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Fairfield Experiment: Ahead of its time or a doomed episode in the yard?

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Fairfield Heritage, Govan

1048 Govan Road

Govan

Glasgow

G51 4XS

United Kingdom

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The Fairfield Experiment is well known to economic, business and labour historians, and yet despite the publicity and notoriety at the time, has been largely forgotten in public memory. In October 1965 The Fairfield Shipbuilding and Engineering Company Limited entered receivership. The closure of the yard was prevented by an experimental management team led by Sir Ian Stewart and backed by the UK Labour Government. The idea was that there would be a tripartate industrial partnership between the management, trade unions and the government, with each investing money to keep the yard open. Other objectives included increased productivity achieved through the introduction of work study and a new business organisation with a focus on personnel management. Stewart envisaged that Fairfields would be a valuable general ‘proving ground’ for improving efficiency on the Clyde as a whole, which would in turn secure the future of shipbuilding.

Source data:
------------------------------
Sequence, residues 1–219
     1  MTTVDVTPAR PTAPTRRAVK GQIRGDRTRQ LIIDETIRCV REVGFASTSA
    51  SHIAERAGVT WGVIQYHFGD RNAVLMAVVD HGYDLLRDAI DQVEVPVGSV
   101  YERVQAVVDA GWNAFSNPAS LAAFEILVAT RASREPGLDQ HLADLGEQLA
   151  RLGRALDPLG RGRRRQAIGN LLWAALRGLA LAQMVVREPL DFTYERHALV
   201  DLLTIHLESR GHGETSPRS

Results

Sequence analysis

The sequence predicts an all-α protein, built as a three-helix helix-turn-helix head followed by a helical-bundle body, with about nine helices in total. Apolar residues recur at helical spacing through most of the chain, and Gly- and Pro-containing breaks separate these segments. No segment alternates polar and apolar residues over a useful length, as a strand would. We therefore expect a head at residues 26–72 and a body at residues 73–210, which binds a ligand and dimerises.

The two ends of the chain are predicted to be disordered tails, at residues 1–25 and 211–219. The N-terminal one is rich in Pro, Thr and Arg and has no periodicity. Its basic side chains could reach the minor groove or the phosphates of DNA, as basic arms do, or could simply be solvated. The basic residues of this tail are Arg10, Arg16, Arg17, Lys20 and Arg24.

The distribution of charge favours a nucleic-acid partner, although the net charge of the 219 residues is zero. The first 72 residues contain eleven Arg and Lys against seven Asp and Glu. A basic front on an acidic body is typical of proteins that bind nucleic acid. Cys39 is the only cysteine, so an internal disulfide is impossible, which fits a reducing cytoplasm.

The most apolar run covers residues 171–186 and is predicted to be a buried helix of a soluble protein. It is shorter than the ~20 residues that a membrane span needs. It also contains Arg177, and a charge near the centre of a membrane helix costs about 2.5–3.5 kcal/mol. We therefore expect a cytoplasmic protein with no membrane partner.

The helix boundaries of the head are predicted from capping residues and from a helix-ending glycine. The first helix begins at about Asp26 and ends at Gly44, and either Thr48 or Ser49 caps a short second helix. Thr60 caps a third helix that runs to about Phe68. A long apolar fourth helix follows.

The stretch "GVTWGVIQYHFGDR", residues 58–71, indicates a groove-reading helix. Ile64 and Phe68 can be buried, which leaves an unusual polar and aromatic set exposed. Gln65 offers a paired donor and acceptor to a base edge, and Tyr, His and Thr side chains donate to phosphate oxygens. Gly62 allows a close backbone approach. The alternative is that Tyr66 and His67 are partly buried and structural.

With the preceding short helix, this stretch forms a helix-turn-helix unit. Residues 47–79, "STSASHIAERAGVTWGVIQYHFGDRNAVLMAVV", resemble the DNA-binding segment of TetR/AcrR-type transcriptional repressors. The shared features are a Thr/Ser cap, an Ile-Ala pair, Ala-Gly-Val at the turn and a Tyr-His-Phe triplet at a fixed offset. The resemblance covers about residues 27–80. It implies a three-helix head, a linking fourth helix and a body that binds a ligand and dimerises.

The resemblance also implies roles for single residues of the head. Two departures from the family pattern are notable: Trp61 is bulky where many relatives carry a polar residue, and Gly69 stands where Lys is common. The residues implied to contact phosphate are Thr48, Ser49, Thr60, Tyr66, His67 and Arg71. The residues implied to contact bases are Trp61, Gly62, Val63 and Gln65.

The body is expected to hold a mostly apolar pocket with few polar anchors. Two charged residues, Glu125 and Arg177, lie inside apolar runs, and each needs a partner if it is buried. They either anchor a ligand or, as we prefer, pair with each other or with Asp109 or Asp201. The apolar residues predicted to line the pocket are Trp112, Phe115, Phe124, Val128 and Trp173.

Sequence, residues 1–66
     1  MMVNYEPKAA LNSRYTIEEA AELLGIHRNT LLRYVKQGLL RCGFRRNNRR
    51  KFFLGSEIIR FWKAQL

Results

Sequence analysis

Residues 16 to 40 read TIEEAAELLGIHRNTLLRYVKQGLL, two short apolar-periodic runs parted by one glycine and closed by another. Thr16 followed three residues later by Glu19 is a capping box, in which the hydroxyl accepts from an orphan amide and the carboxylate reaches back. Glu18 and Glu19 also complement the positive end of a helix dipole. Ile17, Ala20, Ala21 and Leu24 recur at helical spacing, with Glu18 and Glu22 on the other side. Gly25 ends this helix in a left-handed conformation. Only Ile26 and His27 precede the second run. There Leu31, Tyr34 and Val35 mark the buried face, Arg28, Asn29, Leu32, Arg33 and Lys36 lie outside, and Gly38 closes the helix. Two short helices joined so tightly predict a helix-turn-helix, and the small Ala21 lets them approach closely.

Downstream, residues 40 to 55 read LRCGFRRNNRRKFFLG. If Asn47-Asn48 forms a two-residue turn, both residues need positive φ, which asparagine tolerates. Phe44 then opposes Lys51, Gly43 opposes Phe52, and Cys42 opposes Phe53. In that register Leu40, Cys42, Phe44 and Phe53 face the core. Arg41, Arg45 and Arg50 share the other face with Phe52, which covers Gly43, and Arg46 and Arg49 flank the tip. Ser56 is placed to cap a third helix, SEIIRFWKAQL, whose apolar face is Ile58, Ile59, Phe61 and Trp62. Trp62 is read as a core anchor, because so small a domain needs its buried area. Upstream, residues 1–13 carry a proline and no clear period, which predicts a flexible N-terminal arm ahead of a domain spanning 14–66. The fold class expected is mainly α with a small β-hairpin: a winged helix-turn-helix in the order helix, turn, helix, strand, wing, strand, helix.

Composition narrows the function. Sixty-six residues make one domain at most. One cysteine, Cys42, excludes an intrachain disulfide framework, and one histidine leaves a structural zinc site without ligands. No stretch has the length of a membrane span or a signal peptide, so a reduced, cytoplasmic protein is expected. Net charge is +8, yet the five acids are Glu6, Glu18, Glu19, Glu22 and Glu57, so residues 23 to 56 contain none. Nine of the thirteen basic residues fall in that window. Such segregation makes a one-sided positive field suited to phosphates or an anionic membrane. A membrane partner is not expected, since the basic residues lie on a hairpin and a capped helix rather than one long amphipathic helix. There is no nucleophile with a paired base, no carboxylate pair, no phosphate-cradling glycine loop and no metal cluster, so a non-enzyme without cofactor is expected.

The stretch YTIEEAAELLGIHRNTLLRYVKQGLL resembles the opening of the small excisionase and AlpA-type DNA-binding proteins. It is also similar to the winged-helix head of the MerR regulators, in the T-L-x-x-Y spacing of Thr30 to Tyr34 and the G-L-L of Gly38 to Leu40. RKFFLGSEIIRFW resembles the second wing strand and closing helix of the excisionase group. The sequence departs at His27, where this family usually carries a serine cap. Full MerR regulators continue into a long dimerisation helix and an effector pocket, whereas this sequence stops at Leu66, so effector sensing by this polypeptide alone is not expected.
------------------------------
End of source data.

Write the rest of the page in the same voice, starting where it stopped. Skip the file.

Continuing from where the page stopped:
The experiment lasted for a short time, but in that time attracted a great deal of publicity. Sean Connery even made a documentary entitled The Bowler and the Bunnet which detailed the attempts by the new management to overcome class divisions in shipbuilding, as well as the aims of the experiment as a whole. However, the Fairfield Experiment has generally been portrayed as a failure in historical literature where it often presented as an isolated episode: idiosyncratic, eccentric, unrealistic, wrong-headed and doomed. This talk will reassess the long term consequences of the Fairfield Experiment and ask whether Stewart was too pioneering in his vision or whether the Experiment was indeed a failure.

Dr Valerie Wright is currently Research Associate on the Leverhulme Trust funded project 'Employment, politics and culture in Scotland, 1955-2015' based in Economic and Social History at the University of Glasgow. She is a historian of modern Scotland with particular expertise in gender, social and political history.


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Fairfield Heritage, Govan

1048 Govan Road

Govan

Glasgow

G51 4XS

United Kingdom

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